Serving on the school board is in many ways a thankless job, especially during a recession. It pays a measly stipend, the opportunities to alienate parents are endless, decisions to withhold resources from teachers and students are unavoidable, the meetings often drag on interminably, and the workload can be impressive.
Annette Cordero, who served two full terms and a short appointment, said that if her job as an instructor at SBCC were not flexible, she isn’t sure she could have served. “You could spend every minute of the day” on board issues, she said when she dropped by The Santa Barbara Independent earlier this week to reflect on her tenure. Joining her was outgoing board president Susan Christol Deacon — to be replaced by Monique Limón — who said, “School board is almost a volunteer job. It may attract people so invested [in education] that they are willing to make sacrifices.”
One of the greatest ironies of serving in an elected office for those who see themselves as change agents is that they must reconcile themselves with becoming part of a bureaucracy. “When I first joined the board, I felt like I was not able to be a public advocate for certain groups of people,” said Cordero. “I had to represent the whole district.” Deacon added, “I would often empathize with parent groups, but I felt stuck in this awkward position where I had to explain district policy to them.” She coped, she said, by trying to address wayward policies rather than cater to specific interest groups.
When Deacon joined the board four years ago, she was in on the decision to move the district to basic-aid status (which did not last, because property values were reassessed shortly thereafter) effectively restricting interdistrict transfers. Deacon said she was recently looking through her records, and she found emails from parents begging her not to vote for the move.
There were times, however, when Deacon and Cordero did not see eye to eye with their constituents. The most trying moments of her tenure, said Cordero, were when the board first considered combining GATE and honors courses. “It was personally painful to sit through the meetings,” she said, as parents complained with “racist rhetoric” that they didn’t want their kids’ classes watered down. She said she left meetings shaking. The board did eventually combine the courses with the intent of encouraging Latino students to achieve at the highest level.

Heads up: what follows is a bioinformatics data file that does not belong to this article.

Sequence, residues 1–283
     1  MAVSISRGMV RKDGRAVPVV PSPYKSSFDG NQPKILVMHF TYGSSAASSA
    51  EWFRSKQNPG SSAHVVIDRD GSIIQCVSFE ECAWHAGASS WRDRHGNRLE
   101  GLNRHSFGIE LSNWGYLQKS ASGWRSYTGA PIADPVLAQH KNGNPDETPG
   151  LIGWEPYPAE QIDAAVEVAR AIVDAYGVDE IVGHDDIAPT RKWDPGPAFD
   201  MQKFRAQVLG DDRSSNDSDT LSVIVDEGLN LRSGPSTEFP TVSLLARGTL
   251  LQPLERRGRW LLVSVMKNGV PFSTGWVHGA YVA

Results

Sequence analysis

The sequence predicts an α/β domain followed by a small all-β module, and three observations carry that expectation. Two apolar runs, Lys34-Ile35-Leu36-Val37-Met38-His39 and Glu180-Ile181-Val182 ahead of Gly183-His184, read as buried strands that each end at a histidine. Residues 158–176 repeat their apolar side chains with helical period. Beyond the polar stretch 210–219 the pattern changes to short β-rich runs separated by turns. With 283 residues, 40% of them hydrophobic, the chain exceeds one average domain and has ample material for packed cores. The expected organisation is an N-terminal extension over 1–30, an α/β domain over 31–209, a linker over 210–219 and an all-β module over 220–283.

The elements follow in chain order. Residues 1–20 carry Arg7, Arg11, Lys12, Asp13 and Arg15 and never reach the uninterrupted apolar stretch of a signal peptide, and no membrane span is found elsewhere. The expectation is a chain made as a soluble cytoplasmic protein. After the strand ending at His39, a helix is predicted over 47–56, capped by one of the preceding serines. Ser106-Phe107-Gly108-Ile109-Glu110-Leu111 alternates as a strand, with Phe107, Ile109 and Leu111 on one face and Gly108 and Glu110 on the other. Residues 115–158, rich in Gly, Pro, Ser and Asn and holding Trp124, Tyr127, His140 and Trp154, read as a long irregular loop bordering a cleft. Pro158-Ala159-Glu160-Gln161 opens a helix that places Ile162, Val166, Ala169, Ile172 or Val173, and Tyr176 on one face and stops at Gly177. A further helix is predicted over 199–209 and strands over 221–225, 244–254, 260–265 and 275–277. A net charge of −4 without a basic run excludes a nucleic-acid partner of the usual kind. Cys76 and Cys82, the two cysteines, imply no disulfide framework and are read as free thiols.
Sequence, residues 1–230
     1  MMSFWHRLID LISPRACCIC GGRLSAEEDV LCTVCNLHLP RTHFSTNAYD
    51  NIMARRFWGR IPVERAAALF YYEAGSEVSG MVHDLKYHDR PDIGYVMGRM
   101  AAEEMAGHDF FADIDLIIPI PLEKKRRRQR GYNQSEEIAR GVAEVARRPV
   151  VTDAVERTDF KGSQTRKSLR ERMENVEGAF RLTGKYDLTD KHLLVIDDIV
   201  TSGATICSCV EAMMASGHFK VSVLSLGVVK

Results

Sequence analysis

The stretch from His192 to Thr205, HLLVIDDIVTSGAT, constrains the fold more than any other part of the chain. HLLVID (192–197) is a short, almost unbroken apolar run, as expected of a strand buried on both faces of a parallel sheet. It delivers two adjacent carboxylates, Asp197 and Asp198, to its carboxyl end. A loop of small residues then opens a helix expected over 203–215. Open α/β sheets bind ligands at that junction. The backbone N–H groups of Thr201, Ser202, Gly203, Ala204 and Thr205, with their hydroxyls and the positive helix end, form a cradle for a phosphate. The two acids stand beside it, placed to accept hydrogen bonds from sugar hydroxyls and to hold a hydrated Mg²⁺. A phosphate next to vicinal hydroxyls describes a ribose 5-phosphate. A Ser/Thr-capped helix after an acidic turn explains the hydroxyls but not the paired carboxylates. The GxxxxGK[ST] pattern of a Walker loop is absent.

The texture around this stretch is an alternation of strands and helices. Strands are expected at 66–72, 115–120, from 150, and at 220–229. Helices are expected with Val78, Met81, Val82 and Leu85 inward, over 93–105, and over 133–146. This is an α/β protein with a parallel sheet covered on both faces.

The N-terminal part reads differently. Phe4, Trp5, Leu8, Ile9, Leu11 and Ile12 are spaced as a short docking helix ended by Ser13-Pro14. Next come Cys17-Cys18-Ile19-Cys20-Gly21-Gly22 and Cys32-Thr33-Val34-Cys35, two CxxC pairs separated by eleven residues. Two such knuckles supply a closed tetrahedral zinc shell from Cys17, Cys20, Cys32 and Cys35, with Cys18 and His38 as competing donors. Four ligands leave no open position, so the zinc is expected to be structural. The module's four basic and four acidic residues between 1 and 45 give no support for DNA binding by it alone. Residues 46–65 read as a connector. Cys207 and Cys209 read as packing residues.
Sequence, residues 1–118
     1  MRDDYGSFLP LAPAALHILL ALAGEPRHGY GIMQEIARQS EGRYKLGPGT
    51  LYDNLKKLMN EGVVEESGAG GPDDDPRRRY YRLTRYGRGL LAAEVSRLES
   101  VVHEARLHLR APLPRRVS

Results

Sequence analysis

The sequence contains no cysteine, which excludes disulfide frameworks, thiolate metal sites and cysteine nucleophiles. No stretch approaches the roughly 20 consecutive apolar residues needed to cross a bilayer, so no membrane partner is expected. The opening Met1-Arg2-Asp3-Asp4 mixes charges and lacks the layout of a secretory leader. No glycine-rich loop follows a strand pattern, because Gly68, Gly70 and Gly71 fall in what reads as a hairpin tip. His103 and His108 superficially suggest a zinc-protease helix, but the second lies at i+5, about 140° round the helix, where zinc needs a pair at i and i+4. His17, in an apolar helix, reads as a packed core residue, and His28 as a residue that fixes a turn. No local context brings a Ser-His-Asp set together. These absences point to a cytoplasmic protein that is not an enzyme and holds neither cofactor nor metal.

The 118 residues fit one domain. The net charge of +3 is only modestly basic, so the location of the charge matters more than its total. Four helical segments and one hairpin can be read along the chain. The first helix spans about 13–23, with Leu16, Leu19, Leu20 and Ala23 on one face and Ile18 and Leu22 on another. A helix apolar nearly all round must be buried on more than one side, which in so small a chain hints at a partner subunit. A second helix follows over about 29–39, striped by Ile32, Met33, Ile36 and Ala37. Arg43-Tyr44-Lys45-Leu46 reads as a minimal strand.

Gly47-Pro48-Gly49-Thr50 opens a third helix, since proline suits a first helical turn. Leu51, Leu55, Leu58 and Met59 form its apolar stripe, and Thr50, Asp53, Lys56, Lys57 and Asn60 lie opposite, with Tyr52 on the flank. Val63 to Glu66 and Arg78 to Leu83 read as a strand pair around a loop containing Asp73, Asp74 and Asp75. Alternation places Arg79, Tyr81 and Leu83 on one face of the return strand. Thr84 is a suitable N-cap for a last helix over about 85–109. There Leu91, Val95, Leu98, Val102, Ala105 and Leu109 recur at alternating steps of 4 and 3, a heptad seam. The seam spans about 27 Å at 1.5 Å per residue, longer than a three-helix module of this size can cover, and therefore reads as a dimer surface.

Both Deacon and Cordero believe that the district’s most pressing — and most necessary to address — challenge is closing the achievement gap between white and Latino students. “If we don’t address the achievement gap,” said Cordero, “nothing else matters.”
“We need every member of society productive and well-educated,” said Deacon. And district Superintendent David Cash has spoken openly of the inequitable outcomes for different student demographics in the Santa Barbara schools, but, said Deacon, “The heavy lifting is still to come.”
The retiring trustees — both of whom chose not to run for their seats again — also said Cash is the man with the muscles to do it. Deacon counts the hiring of Cash as one of the board’s greatest accomplishments of the last four years, along with passing parcel taxes and bond measures. For his part, Cash has reshaped the board, cutting meeting times — maybe initially too much, his trustees say — and serving as a liaison between boardmembers and district staff. The trustees unwittingly “usurped” the previous superintendent’s job, said Deacon, by going straight to staff themselves with their concerns and sometimes sowing chaos.
Both trustees feel they are leaving the board in better shape than it was in when they arrived and that, as thankless as the job may seem, both gained much from the experience: becoming creative thinkers and problem solvers, learning to listen to other points of view, and increasing their capacity to compromise. Their seats will be filled by Gayle Eidelson, a longtime district volunteer, and Pedro Paz, a program evaluator for First 5 Santa Barbara.